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Ursviken Albert Freeman , May 7th, 2015 09:42

In the last year or so it has been thrilling to watch the growth of Stockholm's underground experimental electronics, which arrived fairly out of nowhere with the appearance of Northern Electronics in 2013. There had been faint rumblings prior in the form of Abdulla Rashim's eponymous techno label, but for years before, Sweden had been primarily famous for a very different kind of dance music which had never resonated in the same circles.

While Rashim has been the breakout name thus far, by far the most productive artist of this emergent group is Jonas Rönnberg, best known as Varg. Rönnberg's music stretches across genre boundaries, between noise, drone and techno. Recording solo under a list of aliases or as a member of several duos - D.Å.R.F.D.H.S., Ulwhednar, etc. – he's either solely or in part responsible for nearly half the releases on Northern Electronics, and tracing the tendrils of his work across the many hidden paths reveals an intimidating amount of music released only since 2013, a pace much more akin to noise artists than to the techno and abstract electronic scene his music falls more naturally into. The sheer number of labels and releases alone says something about both the artist and his background, and while most have emerged on cassette in small runs, he also managed to catch the attention of Semantica, Opal Tapes, and Field Records, as well as a list of smaller labels more rooted in dark ambient and industrial.

Rönnberg's third album Ursviken is a distinctly personal album, a lament to the isolated town of only 4000 inhabitants in northern Sweden where he grew up. It focuses on all of its very contemporary problems, of boredom, drugs, suicide, and intolerance, set against a backdrop of Nordic beauty on the coast a few kilometres below the Arctic Circle. Shot through with an overriding melodic sadness, the intense, introspective darkness and moments of shoegazing bleakness vividly convey the mixed feelings of the artist for this gone-but-not-forgotten past.   

The nearly 10-minute title track of the album sets the mood. An incessant wind-like hiss and the sound of lapping water hovers in the background while deep wells of delay consume the gently melodic keyboards and single percussion hits indefinitely in echo traps, fading slowly sometimes or rising occasionally into squalls of feedback. The rhythms are skeletal and abstract but grind away inexorably, coming out more presently in 'Skaeliptom', with its Tin Man-esque slow acid line and subtly broken, minimalist percussion, an idea that informs the more rhythmic portions throughout the running time. While undeniably informed by Donato Dozzy and the textural techno that has arisen in his wake, Varg trades both the psychedelic moments of beauty and the more heads-down techno for a windswept stare into the distance, returning to ambient tracks purposefully over the two records and keeping the subtext of the music keenly in focus.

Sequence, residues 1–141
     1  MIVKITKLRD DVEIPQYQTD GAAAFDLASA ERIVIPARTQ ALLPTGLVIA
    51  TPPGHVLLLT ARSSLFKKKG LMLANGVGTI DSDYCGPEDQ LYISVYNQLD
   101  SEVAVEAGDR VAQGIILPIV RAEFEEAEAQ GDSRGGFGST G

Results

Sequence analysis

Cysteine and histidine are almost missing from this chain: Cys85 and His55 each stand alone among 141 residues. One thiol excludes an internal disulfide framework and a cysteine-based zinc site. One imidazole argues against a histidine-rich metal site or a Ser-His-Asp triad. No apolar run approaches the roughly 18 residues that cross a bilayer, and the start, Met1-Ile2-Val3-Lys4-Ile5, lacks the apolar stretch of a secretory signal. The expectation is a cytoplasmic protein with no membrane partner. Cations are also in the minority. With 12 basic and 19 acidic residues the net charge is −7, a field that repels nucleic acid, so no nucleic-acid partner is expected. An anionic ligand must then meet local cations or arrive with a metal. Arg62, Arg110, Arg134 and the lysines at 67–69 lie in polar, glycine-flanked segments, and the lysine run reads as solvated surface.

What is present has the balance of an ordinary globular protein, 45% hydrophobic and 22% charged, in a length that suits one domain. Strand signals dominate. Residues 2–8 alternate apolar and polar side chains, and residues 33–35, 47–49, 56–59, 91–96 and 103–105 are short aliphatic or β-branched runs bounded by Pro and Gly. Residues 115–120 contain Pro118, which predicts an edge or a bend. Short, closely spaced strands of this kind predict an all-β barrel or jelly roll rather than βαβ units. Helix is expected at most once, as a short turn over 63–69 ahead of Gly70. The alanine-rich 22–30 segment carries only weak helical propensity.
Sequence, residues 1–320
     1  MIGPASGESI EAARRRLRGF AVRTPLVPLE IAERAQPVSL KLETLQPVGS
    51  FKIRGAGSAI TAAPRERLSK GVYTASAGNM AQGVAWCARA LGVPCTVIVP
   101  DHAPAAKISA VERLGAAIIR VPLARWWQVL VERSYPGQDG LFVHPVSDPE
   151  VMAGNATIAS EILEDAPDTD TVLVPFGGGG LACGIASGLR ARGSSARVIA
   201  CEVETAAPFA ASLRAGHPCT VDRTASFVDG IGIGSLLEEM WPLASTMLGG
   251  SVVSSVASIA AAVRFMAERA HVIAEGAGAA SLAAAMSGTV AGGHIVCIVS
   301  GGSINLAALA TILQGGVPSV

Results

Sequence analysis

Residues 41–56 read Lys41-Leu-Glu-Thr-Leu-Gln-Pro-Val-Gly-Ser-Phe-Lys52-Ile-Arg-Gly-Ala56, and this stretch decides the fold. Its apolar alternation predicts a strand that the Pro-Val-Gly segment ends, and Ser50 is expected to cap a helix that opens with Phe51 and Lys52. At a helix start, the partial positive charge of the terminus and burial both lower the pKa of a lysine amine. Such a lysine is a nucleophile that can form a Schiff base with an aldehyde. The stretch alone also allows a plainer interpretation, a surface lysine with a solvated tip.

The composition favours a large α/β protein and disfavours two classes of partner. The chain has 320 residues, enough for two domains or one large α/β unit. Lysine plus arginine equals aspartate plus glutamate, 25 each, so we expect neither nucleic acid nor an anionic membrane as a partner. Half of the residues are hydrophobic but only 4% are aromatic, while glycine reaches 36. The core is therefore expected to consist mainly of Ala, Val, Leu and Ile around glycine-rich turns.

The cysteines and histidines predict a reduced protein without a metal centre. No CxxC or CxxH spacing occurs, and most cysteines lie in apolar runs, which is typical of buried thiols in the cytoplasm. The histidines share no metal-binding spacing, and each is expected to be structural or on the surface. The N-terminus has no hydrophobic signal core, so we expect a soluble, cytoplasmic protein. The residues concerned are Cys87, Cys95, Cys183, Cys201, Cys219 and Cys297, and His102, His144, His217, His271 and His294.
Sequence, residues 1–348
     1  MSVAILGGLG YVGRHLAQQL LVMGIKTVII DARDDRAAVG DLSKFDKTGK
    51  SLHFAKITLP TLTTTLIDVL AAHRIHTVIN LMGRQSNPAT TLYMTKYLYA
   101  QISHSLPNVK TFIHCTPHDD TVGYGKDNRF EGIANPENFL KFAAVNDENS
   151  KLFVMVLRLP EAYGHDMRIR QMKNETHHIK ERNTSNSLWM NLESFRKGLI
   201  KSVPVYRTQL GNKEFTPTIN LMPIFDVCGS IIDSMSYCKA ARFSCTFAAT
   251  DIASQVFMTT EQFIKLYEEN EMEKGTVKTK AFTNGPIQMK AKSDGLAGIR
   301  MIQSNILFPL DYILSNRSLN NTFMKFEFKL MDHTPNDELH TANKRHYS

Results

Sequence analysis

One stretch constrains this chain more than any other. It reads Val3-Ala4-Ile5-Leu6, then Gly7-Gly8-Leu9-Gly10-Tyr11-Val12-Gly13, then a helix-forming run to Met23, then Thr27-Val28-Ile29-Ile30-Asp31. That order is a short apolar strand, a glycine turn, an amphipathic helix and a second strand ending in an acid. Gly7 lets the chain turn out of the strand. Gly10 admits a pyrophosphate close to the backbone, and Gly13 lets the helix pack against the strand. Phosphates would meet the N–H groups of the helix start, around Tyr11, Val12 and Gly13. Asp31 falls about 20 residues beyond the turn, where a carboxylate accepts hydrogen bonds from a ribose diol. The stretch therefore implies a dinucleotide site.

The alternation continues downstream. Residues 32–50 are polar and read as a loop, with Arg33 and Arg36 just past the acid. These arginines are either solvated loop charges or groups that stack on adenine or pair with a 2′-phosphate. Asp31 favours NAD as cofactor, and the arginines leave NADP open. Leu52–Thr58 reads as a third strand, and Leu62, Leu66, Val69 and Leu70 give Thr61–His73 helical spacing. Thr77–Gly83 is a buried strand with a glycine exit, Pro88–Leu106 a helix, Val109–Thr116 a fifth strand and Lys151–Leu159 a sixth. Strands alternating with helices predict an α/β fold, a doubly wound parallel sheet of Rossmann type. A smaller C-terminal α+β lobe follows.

As the album enters its third quarter, the dense beds of reverb and delay effects sometimes threaten to consume the rhythm entirely, rising in carpets of noise and leaving only cavitating kick drum thrums with unrecognisable, short fragments of tones and hums rising from the morass to prevent things from sliding into total abstraction. He pulls things back to the concrete each time with more openly emotional pieces, most compellingly on 'Guldstaden' and 'Öhn', but Varg's combination between melodic melancholia and horizon-searching heads-down techno is a rare one, at times channeling Wolfgang Voigt's Gas project in with its church-organ like ambience filtered through dense webs of effects and lost in distant shadows.

Taking into account the sheer volume of drone-oriented abstract electronic music that has been released just in the last few years, the distinctive sound of Northern Electronics when it arrived came as a pleasant surprise in an area already approaching oversaturation. In the case of Varg, that this kind of evocative music comes from a producer with only a couple years of releases under his belt is surprising, but based on the length of his discography to-date he has had plenty of practise time in getting things right. Like his label and production partner Abdulla Rashim, both are able to find a distinctive voice via an unusual ear for atmosphere and their willingness to embrace nerve-shredding intensity in places where many others would shy away. With single-take, hardware driven improvisation and roots in noise, or in his case, black metal, an increasingly common denominator in techno, it is rare to hear such work approach compositional clarity and maintain a programmatic idea quite so convincingly as Varg does here.

Under whatever name he chooses, Rönnberg is clearly a producer with a promising future, and even after releasing another double LP in March in his D.Å.R.F.D.H.S duo, his staggering productivity has yielded another major work in the form of Ursviken. The road for Varg undoubtably leads up from here, and this most recent effort lands in a timely manner as his highest profile and most personal work, and also one of his most effective.